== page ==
“The royal wedding really opened up the American point of view: Women can wear tasteful, flattering headwear.”
Leah Chalfen, Designer and Owner of Leah C. Couture Millinery
You design veils, feathered headbands, cocktail hats—how does a bride pick from all of those headpieces?
Try different things. I introduce shapes and designs that my clients could never have imagined. This makes them feel more confident about their final choice.
Do brides bring in their dresses to try on with the headpieces?
No, but we use a studied approach and pictures of the dress [during a consultation]. We work with the shape of the face, neck, gown, and hairstyle. Millinery changes the silhouette; it becomes an ensemble, and it’s important to strike a balance. A simple dress is a wonderful opportunity to wear an interesting headpiece and play up the eyes and face. If you’re wearing a huge ball gown, don’t wimp out with a small flower in your hair. So many times I hear, “If I could do it over again, I would have gone with more dramatic headwear!”
Have you ever had to tell a bride to tone it down?
I am very frank. I had a client with a vintage Halloween-style wedding who wanted a bat in her hair. I told her I didn’t agree but would make it anyway. She didn’t go with it. Instead, she went with a butterfly—which honored her grandmother—and was beautiful.
How do you feel about colorful headpieces?
It depends on how you use it and where you put it. I’ve had black-veil brides and entire bridal parties with the girls in different colors to match their personalities. I would use the color palette that is most flattering to the individual.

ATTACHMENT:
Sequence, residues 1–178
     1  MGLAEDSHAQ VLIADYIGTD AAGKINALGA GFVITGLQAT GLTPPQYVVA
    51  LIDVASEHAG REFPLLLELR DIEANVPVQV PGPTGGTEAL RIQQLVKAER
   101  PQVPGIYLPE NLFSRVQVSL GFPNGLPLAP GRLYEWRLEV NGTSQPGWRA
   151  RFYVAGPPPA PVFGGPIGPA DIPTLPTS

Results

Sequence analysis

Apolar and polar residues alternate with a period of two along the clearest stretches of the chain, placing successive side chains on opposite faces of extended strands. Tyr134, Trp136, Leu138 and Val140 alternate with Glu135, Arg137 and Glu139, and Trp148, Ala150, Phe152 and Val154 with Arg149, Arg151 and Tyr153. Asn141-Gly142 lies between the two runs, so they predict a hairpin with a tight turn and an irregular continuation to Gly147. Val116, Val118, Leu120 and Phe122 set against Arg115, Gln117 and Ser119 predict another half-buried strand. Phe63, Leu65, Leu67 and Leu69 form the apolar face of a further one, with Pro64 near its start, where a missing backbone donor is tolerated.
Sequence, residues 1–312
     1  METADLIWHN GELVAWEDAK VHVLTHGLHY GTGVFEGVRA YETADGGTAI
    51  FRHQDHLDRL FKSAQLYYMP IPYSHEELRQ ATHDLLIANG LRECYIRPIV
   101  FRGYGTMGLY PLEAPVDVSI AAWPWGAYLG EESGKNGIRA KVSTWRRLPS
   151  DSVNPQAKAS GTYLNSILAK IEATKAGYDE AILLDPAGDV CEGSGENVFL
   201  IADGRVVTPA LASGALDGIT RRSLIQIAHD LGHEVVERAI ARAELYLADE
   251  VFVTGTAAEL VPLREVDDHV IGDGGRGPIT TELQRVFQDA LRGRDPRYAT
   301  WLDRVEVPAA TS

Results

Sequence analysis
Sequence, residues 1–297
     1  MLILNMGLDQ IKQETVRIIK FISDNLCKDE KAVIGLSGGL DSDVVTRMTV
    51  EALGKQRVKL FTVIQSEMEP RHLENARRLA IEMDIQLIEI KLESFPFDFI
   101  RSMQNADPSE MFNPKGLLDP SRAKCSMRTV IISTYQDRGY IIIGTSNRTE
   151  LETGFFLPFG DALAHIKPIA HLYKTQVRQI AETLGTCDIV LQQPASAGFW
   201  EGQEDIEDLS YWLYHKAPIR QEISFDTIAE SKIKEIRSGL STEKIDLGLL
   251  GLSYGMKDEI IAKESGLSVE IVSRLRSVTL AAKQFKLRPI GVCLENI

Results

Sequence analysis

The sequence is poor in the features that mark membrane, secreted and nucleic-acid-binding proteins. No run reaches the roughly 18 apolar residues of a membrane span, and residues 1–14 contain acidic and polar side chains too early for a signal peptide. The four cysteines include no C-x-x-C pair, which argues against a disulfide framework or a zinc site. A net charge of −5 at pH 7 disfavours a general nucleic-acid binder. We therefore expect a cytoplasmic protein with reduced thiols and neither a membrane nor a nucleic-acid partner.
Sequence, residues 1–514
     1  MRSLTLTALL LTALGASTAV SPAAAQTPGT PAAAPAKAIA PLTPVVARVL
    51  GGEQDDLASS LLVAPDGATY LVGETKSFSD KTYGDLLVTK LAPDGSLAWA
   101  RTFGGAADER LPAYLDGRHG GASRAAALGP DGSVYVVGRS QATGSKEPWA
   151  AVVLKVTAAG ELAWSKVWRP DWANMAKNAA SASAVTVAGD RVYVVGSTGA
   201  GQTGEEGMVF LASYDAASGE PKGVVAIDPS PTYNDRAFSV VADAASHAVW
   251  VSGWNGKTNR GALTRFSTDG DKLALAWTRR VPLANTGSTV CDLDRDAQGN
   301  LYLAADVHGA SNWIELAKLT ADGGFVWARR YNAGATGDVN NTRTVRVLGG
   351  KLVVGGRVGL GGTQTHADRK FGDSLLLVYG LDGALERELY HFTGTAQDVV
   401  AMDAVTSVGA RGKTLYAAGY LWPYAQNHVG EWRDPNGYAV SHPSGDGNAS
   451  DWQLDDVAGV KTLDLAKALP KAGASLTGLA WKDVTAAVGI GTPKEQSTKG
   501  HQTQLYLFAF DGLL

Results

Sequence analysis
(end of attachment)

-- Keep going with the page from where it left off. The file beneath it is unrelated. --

What about hatting for men?
Depends on the groom’s character, the theme of the wedding, the venue, the bride … I have had male clients who come here to get boutonnieres to match their suit jackets or to complement their bride’s headpiece.
What’s the protocol with veils? Should a bride remove hers at the reception?
I design cocktail hats with veils that leave the lips free to kiss and sip Champagne. But during the ceremony, people often have family obligations or expectations to meet; I satisfy the moms with my wide-net veils. It’s still a veil, but it’s very chic and modern. I actually think different headpieces are perfect for marking the segments of the occasion—from the engagement party to the rehearsal dinner, ceremony, reception, and next-day brunch. When a woman changes from her ceremonial veil into a reception headpiece, she’s signaling to her guests: “Let’s get this party started!”
So does the hat dictate the hairstyle?
No. If you have gorgeous hair, show it off. I am a big fan of updos to highlight a woman’s shape and the structure of her body. A lot of women are going for an asymmetrical chignon. It’s a shape game.
Any tricks to keeping headwear in place for twelve hours?
That’s why you go to a milliner. The fun is often “How do you keep that thing on your head?!”
From the Winter 2011 New York Wedding Guide